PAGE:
• BSPConfig.cmake: This file delineates the configuration for the Board Support Package (BSP), encompassing drivers, libraries, middleware, and other essential components required for the board’s functionality.
  • LinkerScriptConfig.cmake: This file dictates the linker script, which orchestrates the placement of code and data within the memory of the microcontroller, ensuring efficient utilization of resources and proper functioning of the application.
  • platform.cmake: This file is responsible for configuring additional settings crucial for the compilation process, including compiler flags, directories for including header files, and other necessary parameters to tailor the build environment according to the requirements of the platform.

In the cmake subdirectory, a vital component was the linker script file, like stm32h747i-cm7.ld provided by ST. To initialize Qt for MCU on the designated platform, platform-specific code was developed within the platform directory. Essential files comprised:

  • platform_init.cpp: This file is responsible for configuring the hardware of the platform, encompassing tasks such as setting up clocks, caches, and peripherals, ensuring the proper initialization of the underlying hardware components required for the operation of the system.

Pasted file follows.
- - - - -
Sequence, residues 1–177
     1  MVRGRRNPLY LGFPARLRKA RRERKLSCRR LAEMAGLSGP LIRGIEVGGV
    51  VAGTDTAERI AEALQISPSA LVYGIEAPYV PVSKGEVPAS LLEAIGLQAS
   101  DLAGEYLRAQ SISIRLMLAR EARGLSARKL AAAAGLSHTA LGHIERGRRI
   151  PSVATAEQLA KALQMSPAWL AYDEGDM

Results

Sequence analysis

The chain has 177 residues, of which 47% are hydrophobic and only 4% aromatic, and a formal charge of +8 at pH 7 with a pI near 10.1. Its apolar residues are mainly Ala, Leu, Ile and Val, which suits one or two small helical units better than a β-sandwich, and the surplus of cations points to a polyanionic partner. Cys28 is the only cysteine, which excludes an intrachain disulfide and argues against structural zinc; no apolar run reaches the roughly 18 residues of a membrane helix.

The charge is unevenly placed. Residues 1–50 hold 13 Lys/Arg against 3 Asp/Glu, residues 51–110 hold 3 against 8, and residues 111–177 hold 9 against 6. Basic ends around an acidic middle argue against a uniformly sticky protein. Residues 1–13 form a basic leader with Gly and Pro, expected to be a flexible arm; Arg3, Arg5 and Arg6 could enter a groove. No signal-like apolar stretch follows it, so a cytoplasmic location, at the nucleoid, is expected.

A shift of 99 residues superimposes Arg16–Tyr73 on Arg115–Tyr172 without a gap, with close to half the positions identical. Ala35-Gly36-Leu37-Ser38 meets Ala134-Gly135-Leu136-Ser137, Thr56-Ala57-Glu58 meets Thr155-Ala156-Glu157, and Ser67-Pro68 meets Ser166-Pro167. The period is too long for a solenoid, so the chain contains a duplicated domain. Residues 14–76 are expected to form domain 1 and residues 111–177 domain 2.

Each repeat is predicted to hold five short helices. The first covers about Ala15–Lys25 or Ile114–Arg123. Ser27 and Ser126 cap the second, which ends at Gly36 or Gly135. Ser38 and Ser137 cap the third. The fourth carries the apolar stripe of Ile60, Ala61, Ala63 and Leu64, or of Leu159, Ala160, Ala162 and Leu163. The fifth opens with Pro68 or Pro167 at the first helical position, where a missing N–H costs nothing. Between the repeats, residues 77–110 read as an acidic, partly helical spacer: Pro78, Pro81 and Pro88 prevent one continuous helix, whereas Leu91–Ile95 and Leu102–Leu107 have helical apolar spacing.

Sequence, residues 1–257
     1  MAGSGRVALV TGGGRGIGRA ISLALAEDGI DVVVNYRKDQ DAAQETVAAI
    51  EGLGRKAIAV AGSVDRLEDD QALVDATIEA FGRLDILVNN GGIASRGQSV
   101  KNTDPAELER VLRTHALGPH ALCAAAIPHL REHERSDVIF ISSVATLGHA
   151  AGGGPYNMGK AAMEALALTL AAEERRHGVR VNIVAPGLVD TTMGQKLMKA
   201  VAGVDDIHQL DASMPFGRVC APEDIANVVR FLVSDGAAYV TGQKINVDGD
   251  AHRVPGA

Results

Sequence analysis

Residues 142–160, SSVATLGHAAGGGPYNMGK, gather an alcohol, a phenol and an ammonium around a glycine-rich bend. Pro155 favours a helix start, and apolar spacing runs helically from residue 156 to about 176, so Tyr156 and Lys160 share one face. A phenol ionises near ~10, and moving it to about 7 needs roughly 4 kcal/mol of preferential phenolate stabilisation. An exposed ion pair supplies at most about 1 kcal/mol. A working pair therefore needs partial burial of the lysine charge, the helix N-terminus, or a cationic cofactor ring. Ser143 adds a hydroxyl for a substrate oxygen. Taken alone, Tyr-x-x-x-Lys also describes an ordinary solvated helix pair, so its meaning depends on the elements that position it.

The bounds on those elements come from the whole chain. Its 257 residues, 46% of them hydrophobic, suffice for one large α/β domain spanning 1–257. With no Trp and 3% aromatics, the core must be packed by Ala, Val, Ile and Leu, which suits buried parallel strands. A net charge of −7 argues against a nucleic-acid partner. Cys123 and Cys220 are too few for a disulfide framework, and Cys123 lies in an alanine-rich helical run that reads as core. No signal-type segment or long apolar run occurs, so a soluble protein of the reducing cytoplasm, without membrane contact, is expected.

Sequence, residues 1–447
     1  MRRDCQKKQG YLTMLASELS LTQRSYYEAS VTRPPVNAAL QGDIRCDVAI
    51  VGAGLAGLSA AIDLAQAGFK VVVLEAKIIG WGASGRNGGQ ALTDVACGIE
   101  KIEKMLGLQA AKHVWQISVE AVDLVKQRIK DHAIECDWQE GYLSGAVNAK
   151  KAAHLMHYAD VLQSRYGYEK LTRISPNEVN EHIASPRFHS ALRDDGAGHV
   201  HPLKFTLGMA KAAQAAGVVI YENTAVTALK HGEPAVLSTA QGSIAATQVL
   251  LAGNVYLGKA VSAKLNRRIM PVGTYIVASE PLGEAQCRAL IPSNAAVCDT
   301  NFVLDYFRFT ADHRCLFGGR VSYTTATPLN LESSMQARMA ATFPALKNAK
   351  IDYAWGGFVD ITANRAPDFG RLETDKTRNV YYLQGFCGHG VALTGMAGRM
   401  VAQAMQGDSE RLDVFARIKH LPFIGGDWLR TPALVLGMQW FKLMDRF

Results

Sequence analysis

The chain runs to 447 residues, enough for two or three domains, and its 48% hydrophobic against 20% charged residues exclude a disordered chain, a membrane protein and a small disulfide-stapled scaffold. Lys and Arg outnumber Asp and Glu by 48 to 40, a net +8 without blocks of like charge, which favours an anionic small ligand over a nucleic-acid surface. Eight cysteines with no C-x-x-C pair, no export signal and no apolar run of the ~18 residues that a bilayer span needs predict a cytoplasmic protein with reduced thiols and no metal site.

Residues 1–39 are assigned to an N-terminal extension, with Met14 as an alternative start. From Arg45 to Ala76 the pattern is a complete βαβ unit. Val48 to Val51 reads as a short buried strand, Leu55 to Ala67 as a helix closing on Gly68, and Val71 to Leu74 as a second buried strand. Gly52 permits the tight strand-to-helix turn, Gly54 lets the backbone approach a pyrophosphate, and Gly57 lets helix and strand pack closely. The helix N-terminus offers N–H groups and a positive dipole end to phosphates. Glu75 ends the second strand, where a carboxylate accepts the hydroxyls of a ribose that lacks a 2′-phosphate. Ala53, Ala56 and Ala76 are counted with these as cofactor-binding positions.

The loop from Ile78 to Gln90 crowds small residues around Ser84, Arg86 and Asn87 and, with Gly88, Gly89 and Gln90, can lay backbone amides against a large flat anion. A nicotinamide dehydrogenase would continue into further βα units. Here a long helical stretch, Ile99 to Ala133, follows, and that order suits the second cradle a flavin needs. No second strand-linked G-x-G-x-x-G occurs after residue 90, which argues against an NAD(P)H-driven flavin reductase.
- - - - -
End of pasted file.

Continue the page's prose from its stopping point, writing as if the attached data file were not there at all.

• platform_clock.cpp: This file is dedicated to supplying the system clock and tick timer functionalities tailored specifically for Qt for MCU, ensuring accurate timing operations and synchronization within the system.
  • platform_cache.cpp: Within this file, cache operations are managed specifically for Qt for MCU, ensuring efficient memory management and optimization for enhanced performance in microcontroller-based environments.
  • platform_display.cpp: This file is responsible for setting up and controlling the display interface specifically designed for Qt for MCU, ensuring seamless integration and proper functionality of graphical user interfaces (GUIs) on microcontroller-based systems.
  • platform_drawing.cpp: Within this file, low-level drawing functions tailored for Qt for MCU are implemented, encompassing tasks such as filling, drawing, and blitting, essential for rendering graphical elements efficiently on microcontroller-based systems.